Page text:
Happy week-before-Christmas, you guys! I can’t believe how much the holidays have snuck up on me this year, but I’m really excited for the short break that they bring. Can I get an off-work-AMEN?! ;)
Anywho – do you remember my Doctor Who Galaxy Christmas tree? The one I painted blue and pink and purple and white? Well, today I’m sharing the DIY galaxy and planet Christmas ornaments that I created to complement the crazy outer space backdrop of that tree.
Photography for this tutorial is by Alicia Bruce of Love Knot Photo.
DIY Galaxy and Planet Christmas Ornaments
You can really use any combination of paints and glitter that you want because this project gives you an endless set of possibilities for what your little galaxies and planets can look like. I’ll list the exact ones that I used below in case you want to try to recreate this exactly. The supply list contains affiliate links. I’ll link to the main products that I used for the various ornaments pictured above, and then I’m listing the specific colors that I used for the ornament you see in the step-by-step photos.
- DecoArt Media Misters: yellow green, turquoise shimmer, primary cyan
- Martha Stewart Gloss Transparent Glass Paint: sweetgrass
- FOLKART Multi-Surface Acrylic: wicker white
- Tulip Fashion Glitter: silver ultra fine hologram, teal ultra fine
- Glass ball ornaments: 100mm
1. Remove the metal cap from the top of the ornament.
Begin with the thickest paint or product you’re using. In this case, it’s the Martha Stewart Glass Paint. These paints have a pointed squeeze tip, so they’re perfect for the ornaments.
Insert the tip, and squeeze in a thin, steady stream of paint while you rotate the ornament.
Now we’re going to layer in some fun, crazy color and texture. I used my Media Misters for this part because they’re a liquid acrylic, so they splatter really nicely. Plus, the spray tube fits nicely into the ornament. You could get a similar effect by watering down a regular acrylic paint if you don’t want to buy the Misters. Just keep in mind that the colors won’t be quite as vibrant or intense.
2. Start with your darkest color, and dip the sprayer tube into the ornament. Flick it back and forth while rotating the ornament to splatter the insides. You may need to re-dip into the paint a couple times. Stop before the droplets get too big, or they’ll run together and drip.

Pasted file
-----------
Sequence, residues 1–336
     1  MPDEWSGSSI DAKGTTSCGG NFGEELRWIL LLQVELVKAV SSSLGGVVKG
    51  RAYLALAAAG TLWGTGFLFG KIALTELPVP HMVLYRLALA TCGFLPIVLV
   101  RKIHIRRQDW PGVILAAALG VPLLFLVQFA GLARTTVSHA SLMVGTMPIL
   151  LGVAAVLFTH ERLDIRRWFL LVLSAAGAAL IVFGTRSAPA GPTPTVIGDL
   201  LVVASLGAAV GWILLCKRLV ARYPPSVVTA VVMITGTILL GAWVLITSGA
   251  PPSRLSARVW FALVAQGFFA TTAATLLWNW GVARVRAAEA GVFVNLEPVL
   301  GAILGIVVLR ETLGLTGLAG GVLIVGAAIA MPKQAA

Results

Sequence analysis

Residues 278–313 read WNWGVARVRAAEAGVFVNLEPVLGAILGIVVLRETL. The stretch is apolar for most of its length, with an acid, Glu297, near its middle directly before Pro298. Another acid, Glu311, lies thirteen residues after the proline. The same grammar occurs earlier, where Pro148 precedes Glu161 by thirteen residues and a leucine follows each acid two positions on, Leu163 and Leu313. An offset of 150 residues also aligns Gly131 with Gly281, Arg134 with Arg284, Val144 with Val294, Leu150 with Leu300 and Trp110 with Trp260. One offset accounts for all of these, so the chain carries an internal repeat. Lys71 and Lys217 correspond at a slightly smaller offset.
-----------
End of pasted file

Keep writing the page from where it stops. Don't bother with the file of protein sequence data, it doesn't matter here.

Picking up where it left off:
3. Repeat Step 2 with a complementary but different color, like the yellow green in this image.
4. Cover the opening of the ornament with a paper towel or cotton ball, and shake the heck out of it. This is a great opportunity to have a dance party with your kiddos if you want to put them to work shaking ornaments!
5. Put the ornament opening-down into a cold oven. Line the shelf under it with foil to catch drips, and turn the oven to 300 degrees Fahrenheit. Leave the ornament for 15-20 minutes to lock in some of the paint and keep it from blending in the next couple steps. Then, just turn off the oven, leaving the door fully open until the ornament cools enough to remove.
6. When the ornament is cool to the touch, spritz inside it with another mister, perhaps something shimmery. This will add yet another texture/finish to the design so that you get a really nice, swirling, chaotic final product.
7. Now pour in ALL THE GLITTER! Seriously though, dump in a crazy amount of glitter, and shake the heck out of the ornament again. When it’s coated everywhere that’s sticky on the inside, just tap the opening onto a piece of paper until all the excess glitter has come out.
8. To fill in any gaps, water down the regular acrylic paint (a lighter complementary color, like the whitish one I used here) just a little bit. You only need to add a few drops of water to a spoonful of paint to get it to flow a little better. Pour it into the ornament, and shake it up again.
9. Throw the whole thing in the oven one last time to help the drying process. Leave it in for 30-40 minutes, and then let it cool again.
9. Replace the metal ornament cap, and tie on a string.